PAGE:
The charming, lovely aspect of that decision, though, is that when Azan and Perez bought Brightwaters, they also bought into the history of Brightwaters. “We thought, It needs to go back to its original history,” Azan says, and they set about doing just that. A jack-of-all-trades and US Army parachute rigger veteran, Perez handled repairs and renovations, discovering nooks where long-term vacationers stored trunks and suitcases in the stone house; finding original wood floors and head-high wainscoting beneath carpets and paint; and convincing contractors that they absolutely could work around the original railing of the open-air veranda on the second floor. Perez was thrilled when a local mason identified the stonework as both area river rock and bluestone hauled from Turley Falls, right down the road.
Azan took on the decorating, attending auctions and befriending consignment store owners in several states to give, say, the Verandah, as the house’s second-floor apartment is known, its original Floridian feel, with rattan furniture, bamboo-framed mirrors, mosquito-netted beds, and tropical-print textiles. She sought out the original gold foil wallpaper and honor the Asian vibe of the Laurelwood Cabin. One cabin is simply called Bungalow 207; another is named Mountain Lily after a doomed, abandoned riverboat meant to transport folks down the French Broad between Asheville and Brevard. Each cabin has today’s vitals, as well: soft linens, fluffy pillows, and that round, domed Hammacher Schlemmer white noise machine — the original and still the best — in every bedroom.
All the while, the duo was also searching for and gathering any scrap of newsprint or oral history they could fine about Brightwaters. They talked to local descendants of the Childs and Murphy families and undertook deep dives on the Internet. Their trove of findings includes photographs and postcards featuring ladies in hats seated on ladderback chairs at dining room tables, “I am here” arrows penned on a picture from the ’40s, guests leaning from the veranda to wave, and patrons on horseback beneath saplings — today those towering hardwoods shower autumn leaves on a grassy central clearing.
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All told, the Brightwaters compound can house 42 people. And boy, does it ever. Thanks to that very climate that Samuel Childs once bragged about, Hendersonville is a four-season playground. Adventure lovers lease cabins as a base camp for hiking and mountain-biking forays into Pisgah National Forest and DuPont State Recreational Forest, minutes away. Shoppers, sippers, and foodies are only three miles from the plethora of shops and cafés, galleries and restaurants along Hendersonville’s long, serpentine, pedestrian-friendly Main Street. The cabins are tucked around a cul-de-sac, with plenty of privacy, yet are close enough that families can reserve the whole compound for wedding weekends, anniversary celebrations, or Thanksgiving gatherings. One fellow rents a cabin for the entire winter — while someone else rents his Florida home.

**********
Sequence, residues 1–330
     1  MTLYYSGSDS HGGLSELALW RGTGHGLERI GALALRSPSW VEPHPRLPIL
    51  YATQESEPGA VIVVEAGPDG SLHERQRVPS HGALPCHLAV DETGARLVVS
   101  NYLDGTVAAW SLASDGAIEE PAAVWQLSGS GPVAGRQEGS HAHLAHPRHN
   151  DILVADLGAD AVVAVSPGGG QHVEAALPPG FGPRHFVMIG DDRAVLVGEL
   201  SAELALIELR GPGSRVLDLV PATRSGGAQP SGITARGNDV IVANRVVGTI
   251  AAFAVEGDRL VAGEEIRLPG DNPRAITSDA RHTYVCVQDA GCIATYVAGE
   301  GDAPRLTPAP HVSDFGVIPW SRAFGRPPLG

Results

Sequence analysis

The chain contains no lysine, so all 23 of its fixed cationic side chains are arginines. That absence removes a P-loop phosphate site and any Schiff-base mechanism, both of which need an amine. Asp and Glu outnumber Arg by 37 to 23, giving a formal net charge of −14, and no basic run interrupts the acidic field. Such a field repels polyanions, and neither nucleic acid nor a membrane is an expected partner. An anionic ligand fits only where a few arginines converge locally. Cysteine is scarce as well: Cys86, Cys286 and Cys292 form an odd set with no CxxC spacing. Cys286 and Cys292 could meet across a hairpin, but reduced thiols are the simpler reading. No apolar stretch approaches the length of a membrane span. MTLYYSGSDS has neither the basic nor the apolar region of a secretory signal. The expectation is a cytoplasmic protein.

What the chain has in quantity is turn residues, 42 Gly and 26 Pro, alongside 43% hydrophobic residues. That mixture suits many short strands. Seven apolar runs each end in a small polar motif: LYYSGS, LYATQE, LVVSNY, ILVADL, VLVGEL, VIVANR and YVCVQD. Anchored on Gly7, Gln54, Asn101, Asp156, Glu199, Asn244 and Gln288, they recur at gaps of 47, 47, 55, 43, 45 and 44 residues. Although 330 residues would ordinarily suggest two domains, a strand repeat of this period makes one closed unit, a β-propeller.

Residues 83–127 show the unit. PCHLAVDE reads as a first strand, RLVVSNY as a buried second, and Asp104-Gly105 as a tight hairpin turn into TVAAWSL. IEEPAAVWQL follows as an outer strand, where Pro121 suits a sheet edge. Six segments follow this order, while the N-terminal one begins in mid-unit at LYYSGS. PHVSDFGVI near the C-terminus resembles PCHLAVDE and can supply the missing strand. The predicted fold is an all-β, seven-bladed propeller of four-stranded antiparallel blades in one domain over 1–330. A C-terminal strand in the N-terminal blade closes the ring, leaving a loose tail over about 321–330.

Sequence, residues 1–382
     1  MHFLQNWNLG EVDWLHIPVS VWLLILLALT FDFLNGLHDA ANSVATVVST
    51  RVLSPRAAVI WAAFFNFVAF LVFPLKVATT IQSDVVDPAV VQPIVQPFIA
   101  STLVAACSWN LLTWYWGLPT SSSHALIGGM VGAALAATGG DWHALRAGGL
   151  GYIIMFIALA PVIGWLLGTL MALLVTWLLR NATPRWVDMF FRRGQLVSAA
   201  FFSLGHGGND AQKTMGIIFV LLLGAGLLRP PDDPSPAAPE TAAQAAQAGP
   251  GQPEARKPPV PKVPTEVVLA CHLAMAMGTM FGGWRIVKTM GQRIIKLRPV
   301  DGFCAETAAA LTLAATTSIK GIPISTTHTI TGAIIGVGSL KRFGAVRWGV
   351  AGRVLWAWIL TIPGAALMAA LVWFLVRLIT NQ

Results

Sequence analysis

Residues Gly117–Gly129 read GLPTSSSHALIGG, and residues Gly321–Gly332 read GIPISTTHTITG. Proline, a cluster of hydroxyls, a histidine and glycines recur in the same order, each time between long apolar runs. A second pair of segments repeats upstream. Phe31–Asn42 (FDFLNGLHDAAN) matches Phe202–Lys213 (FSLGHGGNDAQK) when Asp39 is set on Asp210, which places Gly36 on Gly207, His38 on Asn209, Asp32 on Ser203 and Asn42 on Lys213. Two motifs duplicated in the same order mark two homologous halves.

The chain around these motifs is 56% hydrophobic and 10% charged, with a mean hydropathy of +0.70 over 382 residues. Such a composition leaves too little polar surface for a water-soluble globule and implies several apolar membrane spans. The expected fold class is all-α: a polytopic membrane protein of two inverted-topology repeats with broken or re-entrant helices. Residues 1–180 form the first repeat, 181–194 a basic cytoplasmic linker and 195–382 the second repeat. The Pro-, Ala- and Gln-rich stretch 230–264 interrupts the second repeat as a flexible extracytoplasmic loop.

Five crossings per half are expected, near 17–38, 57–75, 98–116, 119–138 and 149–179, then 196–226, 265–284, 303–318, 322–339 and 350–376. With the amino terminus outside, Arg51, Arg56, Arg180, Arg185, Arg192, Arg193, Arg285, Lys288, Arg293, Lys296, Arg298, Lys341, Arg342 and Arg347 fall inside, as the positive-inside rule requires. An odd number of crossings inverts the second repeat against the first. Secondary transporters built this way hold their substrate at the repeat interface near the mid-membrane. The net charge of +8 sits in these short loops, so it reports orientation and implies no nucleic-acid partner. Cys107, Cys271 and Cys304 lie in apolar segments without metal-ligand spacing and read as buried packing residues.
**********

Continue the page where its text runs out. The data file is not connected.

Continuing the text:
In autumn, the thin, tall, wild grasses lining the road to Brightwaters bow beneath their heavy, feathery heads, glinting white in fall’s clear, slanting sunlight. The longing to be outdoors, beneath yellow leaves freed by a breeze, or on a cabin porch, or around a firepit, is powerful, and reason enough for a mountain-town sojourn. Yet 10 minutes in the company of Perez and Azan — at the ready with suggestions for mountain bike trails, local brews, Mexican food, or custom hiking itineraries — proves why Brightwaters guests become not just business clients but also friends. Throughout the pandemic, they’ve touched base with absent guests to check on their health. While every cabin has a fully equipped kitchen, Azan and Perez happily store one guest’s special appliances for her annual stay. “We want to be on vacation with them,” Perez says. “I want to tell them all there is to do.”
Sure enough, the phone attached to her hip buzzes, and she answers. “Gotta take this,” she says. “The folks in the Laurelwood Cabin want to know the best place for leaf peeping.”